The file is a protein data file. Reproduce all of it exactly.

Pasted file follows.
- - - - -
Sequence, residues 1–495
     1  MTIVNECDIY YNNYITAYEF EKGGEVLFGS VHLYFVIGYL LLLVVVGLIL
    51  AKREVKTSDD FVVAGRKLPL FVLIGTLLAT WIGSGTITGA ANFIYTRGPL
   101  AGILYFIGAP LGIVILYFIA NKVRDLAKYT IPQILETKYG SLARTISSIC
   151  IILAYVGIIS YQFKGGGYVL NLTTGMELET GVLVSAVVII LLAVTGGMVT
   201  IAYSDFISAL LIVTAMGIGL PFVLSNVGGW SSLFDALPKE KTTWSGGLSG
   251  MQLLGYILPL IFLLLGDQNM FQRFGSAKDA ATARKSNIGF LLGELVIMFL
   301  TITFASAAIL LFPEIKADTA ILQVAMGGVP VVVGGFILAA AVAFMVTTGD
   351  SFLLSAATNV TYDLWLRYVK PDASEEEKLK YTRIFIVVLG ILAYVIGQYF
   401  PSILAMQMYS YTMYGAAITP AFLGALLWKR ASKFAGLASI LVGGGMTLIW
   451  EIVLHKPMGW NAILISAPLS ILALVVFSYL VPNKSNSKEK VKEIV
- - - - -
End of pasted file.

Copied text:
Sequence, residues 1–495
     1  MTIVNECDIY YNNYITAYEF EKGGEVLFGS VHLYFVIGYL LLLVVVGLIL
    51  AKREVKTSDD FVVAGRKLPL FVLIGTLLAT WIGSGTITGA ANFIYTRGPL
   101  AGILYFIGAP LGIVILYFIA NKVRDLAKYT IPQILETKYG SLARTISSIC
   151  IILAYVGIIS YQFKGGGYVL NLTTGMELET GVLVSAVVII LLAVTGGMVT
   201  IAYSDFISAL LIVTAMGIGL PFVLSNVGGW SSLFDALPKE KTTWSGGLSG
   251  MQLLGYILPL IFLLLGDQNM FQRFGSAKDA ATARKSNIGF LLGELVIMFL
   301  TITFASAAIL LFPEIKADTA ILQVAMGGVP VVVGGFILAA AVAFMVTTGD
   351  SFLLSAATNV TYDLWLRYVK PDASEEEKLK YTRIFIVVLG ILAYVIGQYF
   401  PSILAMQMYS YTMYGAAITP AFLGALLWKR ASKFAGLASI LVGGGMTLIW
   451  EIVLHKPMGW NAILISAPLS ILALVVFSYL VPNKSNSKEK VKEIV